Mr. Rogers joins Netflix

November 12, 2015 Features

Netflix is currently streaming the show with more episodes to come.

The late alumni Fred Rogers’ television show Mr. Rogers’ Neighborhood has found a new home on Netflix streaming. Mr. Rogers graduated from Rollins College in 1951.

The show, which originally aired on PBS, focuses on educating children about the world and the people in it. Mr. Rogers created, composed, and wrote the show that sparks imagination with journeys around his “neighborhood,” in which viewers learn about exciting new inventions, people, and works of art. Mr. Rogers also works to educate children on important moral values with his trips to the puppet kingdom of Make-Believe.

Mr. Rogers serves as the show’s host, always bringing a new idea or invention to share with his neighbors the viewers, but in typical Fred Rogers fashion, he never tries to overshadow any of his guests or extras on set. In his neighborhood everyone is equally important, and he treats all his neighbors to his iconic morality and soft-spoken personality.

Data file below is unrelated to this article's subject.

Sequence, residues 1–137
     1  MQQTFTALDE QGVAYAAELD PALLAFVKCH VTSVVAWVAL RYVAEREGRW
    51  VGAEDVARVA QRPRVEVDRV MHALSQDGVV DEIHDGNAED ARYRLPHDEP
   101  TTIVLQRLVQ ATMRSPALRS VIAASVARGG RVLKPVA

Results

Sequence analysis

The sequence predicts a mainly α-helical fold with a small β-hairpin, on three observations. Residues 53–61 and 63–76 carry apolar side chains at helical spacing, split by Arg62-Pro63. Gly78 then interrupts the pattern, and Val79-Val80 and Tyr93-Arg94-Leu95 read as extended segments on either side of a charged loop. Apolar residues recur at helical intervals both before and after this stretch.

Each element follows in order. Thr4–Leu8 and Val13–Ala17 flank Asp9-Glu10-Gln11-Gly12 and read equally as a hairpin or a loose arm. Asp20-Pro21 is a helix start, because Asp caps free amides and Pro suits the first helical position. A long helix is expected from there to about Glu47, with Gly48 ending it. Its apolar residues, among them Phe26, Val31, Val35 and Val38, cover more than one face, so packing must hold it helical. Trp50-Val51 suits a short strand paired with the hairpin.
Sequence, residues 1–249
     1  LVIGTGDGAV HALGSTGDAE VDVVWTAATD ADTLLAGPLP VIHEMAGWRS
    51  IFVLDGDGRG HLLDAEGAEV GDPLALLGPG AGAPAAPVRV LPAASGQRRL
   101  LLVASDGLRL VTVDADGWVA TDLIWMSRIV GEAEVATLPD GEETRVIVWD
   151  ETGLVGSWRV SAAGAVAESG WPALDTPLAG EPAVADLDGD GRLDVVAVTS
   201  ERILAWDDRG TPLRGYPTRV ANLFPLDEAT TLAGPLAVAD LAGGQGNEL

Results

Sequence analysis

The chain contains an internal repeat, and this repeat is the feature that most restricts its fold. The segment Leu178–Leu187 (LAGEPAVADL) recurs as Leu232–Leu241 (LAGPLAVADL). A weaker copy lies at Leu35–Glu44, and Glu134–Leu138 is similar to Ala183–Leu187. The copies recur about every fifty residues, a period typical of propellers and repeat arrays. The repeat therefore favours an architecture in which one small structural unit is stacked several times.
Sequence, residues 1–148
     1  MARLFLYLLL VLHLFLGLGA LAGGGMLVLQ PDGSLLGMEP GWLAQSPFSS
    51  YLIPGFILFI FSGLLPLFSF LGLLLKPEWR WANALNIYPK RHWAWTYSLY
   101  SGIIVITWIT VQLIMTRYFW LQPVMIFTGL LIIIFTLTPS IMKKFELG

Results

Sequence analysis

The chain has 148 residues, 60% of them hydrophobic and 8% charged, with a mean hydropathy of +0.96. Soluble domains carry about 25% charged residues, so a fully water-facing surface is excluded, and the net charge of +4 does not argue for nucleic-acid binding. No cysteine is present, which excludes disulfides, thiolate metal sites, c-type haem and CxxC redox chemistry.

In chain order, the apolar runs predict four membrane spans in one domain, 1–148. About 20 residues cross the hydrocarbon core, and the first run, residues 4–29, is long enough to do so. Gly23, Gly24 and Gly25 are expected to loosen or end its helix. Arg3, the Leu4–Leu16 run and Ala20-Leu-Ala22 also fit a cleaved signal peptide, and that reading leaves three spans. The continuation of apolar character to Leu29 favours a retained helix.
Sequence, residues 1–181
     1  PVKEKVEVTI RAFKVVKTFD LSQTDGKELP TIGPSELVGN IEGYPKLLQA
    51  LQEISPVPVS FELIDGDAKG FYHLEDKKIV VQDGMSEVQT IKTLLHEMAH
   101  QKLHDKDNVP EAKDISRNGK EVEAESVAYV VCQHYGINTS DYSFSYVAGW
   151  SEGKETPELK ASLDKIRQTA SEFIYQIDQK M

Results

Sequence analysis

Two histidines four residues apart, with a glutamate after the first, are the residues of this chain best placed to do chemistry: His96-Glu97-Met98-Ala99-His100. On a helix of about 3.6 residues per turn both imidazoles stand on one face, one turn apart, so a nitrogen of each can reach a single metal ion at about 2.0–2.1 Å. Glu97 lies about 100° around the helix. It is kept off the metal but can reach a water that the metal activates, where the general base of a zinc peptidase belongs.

What is incredible about this show is how impactful and innovative it was for its time. It aired new episodes from 1968 to 2001 and was able to address topics ranging from childhood disabilities to environmental issues—all at a level comprehensible to a preschool child.

The show also works to educate children through multiple mediums. Viewers are regularly treated to operas and taken on trips to learn about new forms of science, engineering, and music.

Mr. Rogers’ selflessness was not limited to the television. He spent a great deal of time at his summer home in Winter Park and would often visit the campus to meet with students and faculty. English Professor Dr. Maurice O’Sullivan recalls how Mr. Rogers helped with a prologue for a book of essays on teaching Shakespeare

“With his usual modesty, Fred said that he didn’t feel qualified and he hadn’t really written for a high school audience. But he agreed to do it as a favor and sat down for an interview with Stan and Alan Nordstrom,” said O’Sullivan.

“Since had had so many brilliant insights, I added a few Shakespearean quotes to the piece. He called me and said, ‘Socky, I need to cut the quotes out. They make me look as though I know more about Shakespeare than I do.’ That was the true modesty of the man.”

Netflix currently has 20 episodes from several seasons available to be streamed, and the service plans on adding more episodes over the next several months.

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